Statewide, leisure and hospitality grew fastest, 4.0%, and added 51,000 jobs. Education and health services added the most jobs, 60,700 jobs and grew 3.8%. The other relatively fast growing private industries include financial activities (3.0%), wholesale trade (2.2%), and professional and business services and retail trade (both growing 2.1%). Jobs in manufacturing declined by 26,800, or 3.1%, and construction and natural resources lost 25,500 jobs, or 2.7% over the last 12 months.
Nationally, professional and businesses services grew fastest, adding 3.0% over the 12 months ending in September. The other industries growing at faster-than-average rates were education and health services (2.8%), leisure and hospitality (2.4%), and financial activities (2.1%). Manufacturing jobs declined by 0.5%.
The net gain for private service-providing industries in Austin is 24,800 jobs, or 3.6%, over the last 12 months. Employment in goods producing industries is up by 800 jobs or 0.7%. Statewide, private service-providing industries are up 218,500 or 2.7%, but goods producing industries are down 52,300 jobs or 2.9%.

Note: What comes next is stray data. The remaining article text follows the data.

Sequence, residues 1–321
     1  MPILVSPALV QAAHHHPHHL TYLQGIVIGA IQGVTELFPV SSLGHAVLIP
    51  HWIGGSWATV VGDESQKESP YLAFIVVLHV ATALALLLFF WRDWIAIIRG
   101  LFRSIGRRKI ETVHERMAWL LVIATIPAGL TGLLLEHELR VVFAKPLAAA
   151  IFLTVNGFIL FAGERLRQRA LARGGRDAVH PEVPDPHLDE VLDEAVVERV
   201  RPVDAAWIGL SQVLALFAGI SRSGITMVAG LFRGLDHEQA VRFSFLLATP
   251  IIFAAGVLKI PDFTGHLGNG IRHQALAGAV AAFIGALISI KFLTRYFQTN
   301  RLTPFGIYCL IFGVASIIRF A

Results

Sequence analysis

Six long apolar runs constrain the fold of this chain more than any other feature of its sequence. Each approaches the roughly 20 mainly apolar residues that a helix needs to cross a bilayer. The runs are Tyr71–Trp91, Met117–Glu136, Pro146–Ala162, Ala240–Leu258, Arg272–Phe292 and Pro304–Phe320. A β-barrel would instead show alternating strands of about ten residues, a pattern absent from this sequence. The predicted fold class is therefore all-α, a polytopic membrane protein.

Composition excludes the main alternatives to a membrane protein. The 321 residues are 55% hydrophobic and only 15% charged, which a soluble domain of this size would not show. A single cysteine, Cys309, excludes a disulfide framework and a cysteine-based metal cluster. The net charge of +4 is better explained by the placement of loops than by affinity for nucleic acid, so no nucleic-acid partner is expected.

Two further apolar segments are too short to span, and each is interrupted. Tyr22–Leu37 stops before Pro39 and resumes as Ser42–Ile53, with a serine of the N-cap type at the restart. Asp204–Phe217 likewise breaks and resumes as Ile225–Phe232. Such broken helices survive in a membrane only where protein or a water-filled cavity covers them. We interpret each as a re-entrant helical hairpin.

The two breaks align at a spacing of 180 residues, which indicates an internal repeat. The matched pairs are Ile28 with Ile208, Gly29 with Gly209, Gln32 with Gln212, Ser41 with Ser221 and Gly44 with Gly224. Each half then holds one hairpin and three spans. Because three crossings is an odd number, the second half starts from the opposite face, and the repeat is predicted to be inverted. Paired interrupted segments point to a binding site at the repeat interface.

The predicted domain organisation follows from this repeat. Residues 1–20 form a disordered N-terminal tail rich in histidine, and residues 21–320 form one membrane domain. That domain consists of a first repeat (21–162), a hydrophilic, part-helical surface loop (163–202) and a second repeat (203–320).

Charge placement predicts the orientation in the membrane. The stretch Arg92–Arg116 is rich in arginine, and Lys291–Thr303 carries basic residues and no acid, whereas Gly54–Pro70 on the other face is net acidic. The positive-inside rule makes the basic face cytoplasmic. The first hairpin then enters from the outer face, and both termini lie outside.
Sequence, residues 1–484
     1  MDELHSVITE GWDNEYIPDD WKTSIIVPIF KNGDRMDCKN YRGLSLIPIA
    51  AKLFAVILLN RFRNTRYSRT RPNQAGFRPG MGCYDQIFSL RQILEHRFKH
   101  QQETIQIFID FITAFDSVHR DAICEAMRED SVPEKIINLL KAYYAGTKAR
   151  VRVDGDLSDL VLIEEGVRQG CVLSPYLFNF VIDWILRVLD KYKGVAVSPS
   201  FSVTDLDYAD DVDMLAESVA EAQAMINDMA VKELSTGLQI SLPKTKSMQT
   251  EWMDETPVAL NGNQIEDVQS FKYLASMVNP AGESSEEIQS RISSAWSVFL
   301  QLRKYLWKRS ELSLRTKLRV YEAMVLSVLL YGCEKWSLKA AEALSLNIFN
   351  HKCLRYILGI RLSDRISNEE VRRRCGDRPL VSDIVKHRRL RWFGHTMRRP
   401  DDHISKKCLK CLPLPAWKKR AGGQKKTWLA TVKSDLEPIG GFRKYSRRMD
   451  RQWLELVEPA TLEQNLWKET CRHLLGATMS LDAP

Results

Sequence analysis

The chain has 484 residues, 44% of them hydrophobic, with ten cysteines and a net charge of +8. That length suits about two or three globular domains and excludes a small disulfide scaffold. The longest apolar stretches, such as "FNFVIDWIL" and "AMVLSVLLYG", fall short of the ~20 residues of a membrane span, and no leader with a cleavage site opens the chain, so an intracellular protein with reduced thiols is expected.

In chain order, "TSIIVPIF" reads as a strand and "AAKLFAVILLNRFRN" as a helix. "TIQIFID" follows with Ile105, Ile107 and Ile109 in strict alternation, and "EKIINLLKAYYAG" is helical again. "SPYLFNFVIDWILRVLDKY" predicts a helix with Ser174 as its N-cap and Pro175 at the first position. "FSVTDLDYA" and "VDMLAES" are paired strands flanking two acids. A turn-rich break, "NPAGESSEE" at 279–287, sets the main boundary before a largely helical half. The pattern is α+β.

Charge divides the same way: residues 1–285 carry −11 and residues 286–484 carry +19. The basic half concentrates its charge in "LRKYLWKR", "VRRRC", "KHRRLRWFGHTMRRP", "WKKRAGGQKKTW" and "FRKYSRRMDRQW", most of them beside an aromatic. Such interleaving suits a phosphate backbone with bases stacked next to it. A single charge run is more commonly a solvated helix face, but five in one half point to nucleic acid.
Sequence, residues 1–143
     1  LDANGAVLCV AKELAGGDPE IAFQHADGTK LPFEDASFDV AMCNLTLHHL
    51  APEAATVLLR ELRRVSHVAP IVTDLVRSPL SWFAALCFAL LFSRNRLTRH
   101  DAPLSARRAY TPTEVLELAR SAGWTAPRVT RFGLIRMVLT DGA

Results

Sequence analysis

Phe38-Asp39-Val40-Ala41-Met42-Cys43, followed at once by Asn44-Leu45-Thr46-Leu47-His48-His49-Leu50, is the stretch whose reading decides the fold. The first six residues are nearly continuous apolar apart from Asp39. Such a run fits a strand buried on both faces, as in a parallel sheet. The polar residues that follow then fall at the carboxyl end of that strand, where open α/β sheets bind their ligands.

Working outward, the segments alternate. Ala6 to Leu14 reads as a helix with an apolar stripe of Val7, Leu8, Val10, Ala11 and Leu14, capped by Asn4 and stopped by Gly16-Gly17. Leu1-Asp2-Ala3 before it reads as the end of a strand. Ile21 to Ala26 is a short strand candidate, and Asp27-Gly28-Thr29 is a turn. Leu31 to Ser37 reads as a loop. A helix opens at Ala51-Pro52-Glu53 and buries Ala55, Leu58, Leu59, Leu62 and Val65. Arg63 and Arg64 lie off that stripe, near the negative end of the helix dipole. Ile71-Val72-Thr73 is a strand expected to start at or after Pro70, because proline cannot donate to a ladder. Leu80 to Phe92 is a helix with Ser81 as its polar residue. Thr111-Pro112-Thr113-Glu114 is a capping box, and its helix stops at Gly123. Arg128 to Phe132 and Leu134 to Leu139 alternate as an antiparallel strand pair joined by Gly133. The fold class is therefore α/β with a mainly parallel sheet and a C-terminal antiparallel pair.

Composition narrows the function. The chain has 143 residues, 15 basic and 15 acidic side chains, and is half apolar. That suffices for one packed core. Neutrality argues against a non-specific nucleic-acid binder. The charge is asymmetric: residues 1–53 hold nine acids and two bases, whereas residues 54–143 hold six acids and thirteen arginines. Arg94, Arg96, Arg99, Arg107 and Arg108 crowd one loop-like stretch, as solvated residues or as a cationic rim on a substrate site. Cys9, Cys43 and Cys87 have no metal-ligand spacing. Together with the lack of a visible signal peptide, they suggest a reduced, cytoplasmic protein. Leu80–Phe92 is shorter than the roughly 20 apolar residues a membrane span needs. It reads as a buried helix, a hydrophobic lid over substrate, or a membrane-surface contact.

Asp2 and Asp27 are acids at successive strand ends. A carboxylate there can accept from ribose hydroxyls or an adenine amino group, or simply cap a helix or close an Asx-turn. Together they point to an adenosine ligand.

We also now have August labor force, employment, and unemployment numbers for Texas and local areas in Texas. The same data for all U.S. metros that we often do a ranking of will not be released until November 2. In August, Austin had the fifth lowest rate of unemployment among the 50 largest metros.